Quantitative easing: how Mario can tackle low inflation in Eurozone

mario draghi

Mario Draghi, President of the European Central Bank (EC Audiovisual Services)

One of the major issues that the European Central Bank (ECB) struggles to solve is low inflation. It seems that it is not even close to the target that has been set; a rate of below but close to 2% over the medium term. April’s inflation data indicated a 0.7% inflation rate, a percentage not far away from deflation levels. If we also add European economy’s thin growth outlook, it is more than obvious that an alternative measure has to be taken by ECB.

Quantitative easing: a just around the corner policy

Mario Draghi, ECB’S president hides an ace in his sleeve to deal with low inflation that has not yet put on the table. This is called quantitative easing (QE) and is an unconventional monetary policy that the central bank will surely discuss on the 5th of June when the bank’s governing council will meet. This was basically derived from his ‘almost’ pre-announcement during the meeting on May 8 where he mentioned that harder action would follow in June. Evidence of this started appearing in real market where the euro depreciated against the US dollar reaching levels below $1.36 on May 28.

Moreover, the major European stock indices (CAC 40, DAX 30 and FTSE 100) rose showing a psychological sentiment that this policy will be implemented. The only thing though that Mario Draghi waits for is the growth and inflation forecast from ECB’s economists which will not take long to come. But the question that comes to everyone’s mind is: will this policy be able to tackle the issue?

The pros and cons of this strategy

On the one hand, the central bank is trying to lower interest rates and increase the money supply through QE. The idea is to increase lending and liquidity levels by flooding financial institutions with money. Therefore, many businesses and households will take advantage and especially SMEs which need it the most.

On the other hand, there are risks that must not be taken lightly. First, the policy could work in a more efficient way it was supposed to because of increased money supply and drive inflation to levels higher than the ones targeted which eventually will reduce the purchasing power of people’s money.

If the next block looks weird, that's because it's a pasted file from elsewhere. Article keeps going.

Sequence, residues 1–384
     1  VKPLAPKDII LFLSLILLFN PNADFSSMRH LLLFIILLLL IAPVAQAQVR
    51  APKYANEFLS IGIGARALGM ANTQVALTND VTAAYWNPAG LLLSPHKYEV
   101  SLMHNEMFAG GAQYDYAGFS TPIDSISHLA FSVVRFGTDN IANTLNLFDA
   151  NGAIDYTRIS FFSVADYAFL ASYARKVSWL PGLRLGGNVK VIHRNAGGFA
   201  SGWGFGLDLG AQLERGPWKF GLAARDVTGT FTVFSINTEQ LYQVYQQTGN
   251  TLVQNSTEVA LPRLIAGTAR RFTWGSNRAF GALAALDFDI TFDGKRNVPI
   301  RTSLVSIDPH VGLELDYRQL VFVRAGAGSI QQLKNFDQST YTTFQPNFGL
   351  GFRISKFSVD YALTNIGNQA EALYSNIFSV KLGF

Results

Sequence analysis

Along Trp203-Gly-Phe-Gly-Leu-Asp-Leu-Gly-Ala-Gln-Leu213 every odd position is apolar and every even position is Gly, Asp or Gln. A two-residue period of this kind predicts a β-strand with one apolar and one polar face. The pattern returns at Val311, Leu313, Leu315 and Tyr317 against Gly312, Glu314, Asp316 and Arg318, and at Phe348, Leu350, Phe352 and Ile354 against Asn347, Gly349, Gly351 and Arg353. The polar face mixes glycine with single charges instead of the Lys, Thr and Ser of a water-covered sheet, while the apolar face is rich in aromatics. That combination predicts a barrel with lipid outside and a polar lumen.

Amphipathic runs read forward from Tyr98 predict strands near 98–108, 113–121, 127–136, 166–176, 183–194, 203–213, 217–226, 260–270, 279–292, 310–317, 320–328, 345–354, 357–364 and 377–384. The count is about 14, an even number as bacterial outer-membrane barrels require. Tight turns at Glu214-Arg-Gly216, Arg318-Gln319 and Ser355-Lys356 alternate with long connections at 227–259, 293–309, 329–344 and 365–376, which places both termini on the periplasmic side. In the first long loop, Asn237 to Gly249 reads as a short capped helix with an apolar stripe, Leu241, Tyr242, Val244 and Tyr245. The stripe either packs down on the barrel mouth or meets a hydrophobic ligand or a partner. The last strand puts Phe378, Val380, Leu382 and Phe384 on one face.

The other risk lies on the opposite site compared to the previous one. The problem comes when the banks don’t lend out the extra money taken by the central bank leading to QE’s ineffectiveness. Therefore, if ECB is about to take bolder decisions and put this policy into force they will have to think twice because not only the risks but also the side effects might be worse than the non-implementation.

It is clear that European citizens will be the ‘guinea pigs’ in this procedure and since past policies’ mistakes have proven devastating for entire countries, ECB must be very careful in each and every step that it makes. However, we have to admit that ECB expected attempt is coming after first trying other alternative and less harsh measures.

European elections outcome and ECB’s limits

The eurosceptic message that people passed through with their vote in last weekend’s elections is an issue that national governments and the European parliament need to pay attention to. What European citizens showed is that they only care about job creation and lasting growth and prosperity.

Those will not come easily even if QE works out after all. This means that ECB does not have the absolute and everlasting solutions in its magic box. A permanent antidote in this case, which was actually implied by the simple voters, must be given by each government separately. National governments must create policies that will help the economy be more productive and competitive, which will boost growth further and not just count on the ECB tricks.

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